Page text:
Overview: The intrepid crew of the USS Enterprise answers a mysterious distress call, only to become embroiled with an enigmatic new enemy hell bent on destroying the United Federation of Planets. Paramount Pictures; 2016; Rated PG-13; 120 minutes.
The Journey: Following director J.J. Abrams’ game changing franchise reboot in 2009, the current generation of films based on the classic science-fiction property created by Gene Roddenberry in the late 1960s continues on its grand journey with Star Trek Beyond. Handing the reins off to Fast & Furious franchise rejuvenator Justin Lin, the latest adventure starring Captain James Tiberius Kirk (Chris Pine), Leonard “Bones” McCoy (Karl Urban), and Mr. Spock (Zachary Quinto) is a thrill ride from start to finish. Building upon the action-centered set pieces previously established by Abrams’ two preceding entries in the series, Lin takes the seminal interstellar crew of political diplomats on an adventure that is designed to please fans of the newly established Kelvin Timeline.
Abrams has never been one to disguise his obvious cinematic debts to the greatest works of George Lucas in the past, and as such Star Trek Beyond continues in its similarity to the visceral rush of the very best Star Wars films. Lin takes on the mantle of Abrams’ more fast-paced take on the philosophical underpinnings of Roddenberry’s original vision with plenty of measured goodwill, resulting in another entry that seeks to establish itself as more immediately exciting than the original series ever was. Gone are the days of seeking to find personal enlightenment through exploring alien territories. In its place is a journey to familiar territory that’s been well charted but never while playing The Beastie Boys on full blast.
To Infinity: Upon landing on a mysterious world ruled over by the immortal aberration Krall (Idris Elba), the crew of the USS Enterprise is greeted with a whirlwind adventure that is at once reminiscent of the episodic nature of Roddenberry’s original TV serial. But instead of examining the underpinnings of Krall’s tortured existence, Star Trek Beyond feels more comfortable focusing on the vast vistas that make up Lin’s multi-colored alien worlds and multi-faceted indigenous inhabitants. This specific take on the film’s basic premise results in an adventure that teems with possibilities, though infinity feels reductive in Lin’s hands.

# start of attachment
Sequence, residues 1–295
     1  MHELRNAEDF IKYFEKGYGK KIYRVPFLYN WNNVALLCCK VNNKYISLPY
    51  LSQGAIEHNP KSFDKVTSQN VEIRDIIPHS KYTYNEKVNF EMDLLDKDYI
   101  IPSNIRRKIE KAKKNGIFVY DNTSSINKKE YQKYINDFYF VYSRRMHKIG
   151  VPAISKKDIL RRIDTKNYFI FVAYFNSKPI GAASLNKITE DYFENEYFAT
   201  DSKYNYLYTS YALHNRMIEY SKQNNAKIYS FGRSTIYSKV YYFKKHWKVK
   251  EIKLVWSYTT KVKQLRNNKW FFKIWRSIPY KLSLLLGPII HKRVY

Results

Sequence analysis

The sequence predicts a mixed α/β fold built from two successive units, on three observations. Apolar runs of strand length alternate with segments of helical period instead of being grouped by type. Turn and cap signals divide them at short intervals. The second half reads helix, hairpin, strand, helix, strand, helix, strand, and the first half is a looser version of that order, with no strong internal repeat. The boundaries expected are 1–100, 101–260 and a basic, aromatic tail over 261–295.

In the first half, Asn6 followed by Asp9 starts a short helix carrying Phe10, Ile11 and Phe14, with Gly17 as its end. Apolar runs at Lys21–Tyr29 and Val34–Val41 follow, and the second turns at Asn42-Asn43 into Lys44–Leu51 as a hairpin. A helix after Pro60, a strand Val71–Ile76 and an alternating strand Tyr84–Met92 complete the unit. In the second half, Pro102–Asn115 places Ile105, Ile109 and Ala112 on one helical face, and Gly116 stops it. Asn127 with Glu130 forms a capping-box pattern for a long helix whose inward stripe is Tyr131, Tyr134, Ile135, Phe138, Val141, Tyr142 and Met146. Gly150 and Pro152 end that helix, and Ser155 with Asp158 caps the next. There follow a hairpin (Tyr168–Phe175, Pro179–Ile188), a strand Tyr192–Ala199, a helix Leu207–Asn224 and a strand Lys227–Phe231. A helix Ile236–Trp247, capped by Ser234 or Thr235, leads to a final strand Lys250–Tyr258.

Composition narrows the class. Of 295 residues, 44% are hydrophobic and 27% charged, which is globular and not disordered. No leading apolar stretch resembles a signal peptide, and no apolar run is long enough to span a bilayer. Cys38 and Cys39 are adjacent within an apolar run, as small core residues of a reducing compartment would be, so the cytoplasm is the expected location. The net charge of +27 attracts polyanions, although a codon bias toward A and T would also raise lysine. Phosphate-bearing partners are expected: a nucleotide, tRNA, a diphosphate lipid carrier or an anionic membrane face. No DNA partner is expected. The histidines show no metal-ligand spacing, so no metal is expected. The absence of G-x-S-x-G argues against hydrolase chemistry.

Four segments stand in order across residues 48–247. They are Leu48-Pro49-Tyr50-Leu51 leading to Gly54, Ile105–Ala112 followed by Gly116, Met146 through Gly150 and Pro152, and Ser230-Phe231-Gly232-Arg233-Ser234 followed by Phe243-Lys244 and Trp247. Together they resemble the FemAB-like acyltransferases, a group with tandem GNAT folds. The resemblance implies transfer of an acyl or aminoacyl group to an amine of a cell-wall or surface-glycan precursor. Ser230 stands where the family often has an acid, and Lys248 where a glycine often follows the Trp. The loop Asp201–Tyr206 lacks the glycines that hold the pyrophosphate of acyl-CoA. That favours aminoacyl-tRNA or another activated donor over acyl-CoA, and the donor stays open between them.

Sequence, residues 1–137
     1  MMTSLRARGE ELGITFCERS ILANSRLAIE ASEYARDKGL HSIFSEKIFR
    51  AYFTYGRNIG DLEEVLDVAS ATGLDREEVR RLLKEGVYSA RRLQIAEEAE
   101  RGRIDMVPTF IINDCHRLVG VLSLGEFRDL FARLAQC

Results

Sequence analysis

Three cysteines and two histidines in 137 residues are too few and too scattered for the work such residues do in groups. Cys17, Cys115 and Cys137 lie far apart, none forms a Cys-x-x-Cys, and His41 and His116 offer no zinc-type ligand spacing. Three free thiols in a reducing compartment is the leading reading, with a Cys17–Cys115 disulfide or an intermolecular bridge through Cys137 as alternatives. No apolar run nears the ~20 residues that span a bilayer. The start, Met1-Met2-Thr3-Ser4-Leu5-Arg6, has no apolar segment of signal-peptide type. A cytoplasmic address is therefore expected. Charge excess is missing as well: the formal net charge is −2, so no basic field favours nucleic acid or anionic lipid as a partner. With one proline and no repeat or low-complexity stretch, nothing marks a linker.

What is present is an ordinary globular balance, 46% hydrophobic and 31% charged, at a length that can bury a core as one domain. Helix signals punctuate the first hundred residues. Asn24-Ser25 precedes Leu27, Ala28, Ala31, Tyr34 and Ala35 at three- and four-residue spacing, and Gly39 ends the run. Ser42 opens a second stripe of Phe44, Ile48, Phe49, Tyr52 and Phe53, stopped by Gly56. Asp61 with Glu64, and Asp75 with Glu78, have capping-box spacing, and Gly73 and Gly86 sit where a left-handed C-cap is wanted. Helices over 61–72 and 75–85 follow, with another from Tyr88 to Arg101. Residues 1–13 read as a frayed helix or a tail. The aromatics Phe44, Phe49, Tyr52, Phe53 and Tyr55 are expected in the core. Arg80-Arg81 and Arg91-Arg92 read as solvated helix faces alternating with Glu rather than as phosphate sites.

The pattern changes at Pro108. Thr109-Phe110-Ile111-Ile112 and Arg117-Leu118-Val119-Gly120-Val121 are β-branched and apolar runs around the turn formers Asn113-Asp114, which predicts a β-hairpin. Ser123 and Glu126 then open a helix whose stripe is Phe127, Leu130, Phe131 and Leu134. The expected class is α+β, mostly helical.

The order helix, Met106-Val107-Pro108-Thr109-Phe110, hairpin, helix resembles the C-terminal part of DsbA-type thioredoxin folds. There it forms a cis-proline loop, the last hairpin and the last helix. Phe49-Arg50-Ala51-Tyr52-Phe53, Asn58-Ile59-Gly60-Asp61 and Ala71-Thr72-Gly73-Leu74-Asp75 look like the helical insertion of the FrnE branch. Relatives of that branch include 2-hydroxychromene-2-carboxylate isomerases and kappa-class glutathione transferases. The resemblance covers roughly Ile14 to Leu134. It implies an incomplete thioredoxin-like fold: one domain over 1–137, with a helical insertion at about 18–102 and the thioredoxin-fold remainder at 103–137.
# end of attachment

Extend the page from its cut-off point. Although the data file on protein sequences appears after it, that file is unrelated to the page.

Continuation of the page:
Instead of reveling in the ambiguity of several complicated and conflicted characters, Star Trek Beyond is so intent on traversing each and every twist and turn that Lin marvelously constructs for Captain Kirk to overcome that the story is largely underwritten throughout. Krall is an intriguing central villain, but his personal journey is divulged in such a terse and extraneous manner that his underlying vendetta becomes one of the film’s lesser felt emotional beats. Lin has made action movies in the Fast & Furious franchise that have managed to wed fast-paced sequences to an emotional core in the past, but in making the transition to a franchise as clearly established as Star Trek something has been lost in translation, despite the presence and intimation of infinite possibilities.
Beyond: Abrams ran into some trouble with the release of Star Trek Into Darkness with certain fans of the outstanding franchise, and Star Trek Beyond attempts to move past those stumbling blocks. But Abrams’ fingerprints are so clearly all over Lin’s movie that it’s hard to see very far beyond some of Abrams’ greatest faults as a genre director. Star Wars: The Force Awakens saw Abrams giving new life to a franchise that made him into the director he is today, but with the Star Trek franchise he has attempted to imbue Roddenberry’s dissimilar science-fiction property with much of the visceral appeal of Lucas’ incongruous space opera. Roddenberry was interested in the subtleties of human nature, while Lucas (and by extension Abrams) has always been far more comfortable utilizing heroic archetypes and myths. In imbuing the Kelvin Timeline with all of the melodrama more appropriate to a Star Wars film, Abrams marred what might have been a very different Star Trek feature franchise.
For what it’s worth, it was nice to see someone other than Abrams take the director’s chair for Star Trek Beyond. Lin manages to make a movie in the Star Trek universe that is definitely more fun than Abrams’ were, but due to the Kelvin Timeline’s decided Star Wars lineage he never truly charts the course to explore new terrain. Star Trek Beyond definitely moves far outside the territory previously established by Star Trek in 2009 and Star Trek Into Darkness in 2013, but it’s territory that belongs to another franchise entirely. Abrams has established a new feature franchise for Star Trek that should serve to speak to the current generation of moviegoers enthralled by the kinds of movies born out of the business model established by the likes of the Marvel Cinematic Universe, but it won’t leave Roddenberry’s most loyal acolytes eager for more.
Overall: Star Trek Beyond is exactly what fans of the Kelvin Timeline have come to expect at the expense of paying honest homage to franchise creator Gene Roddenberry’s original vision.
Featured Image: Paramount Pictures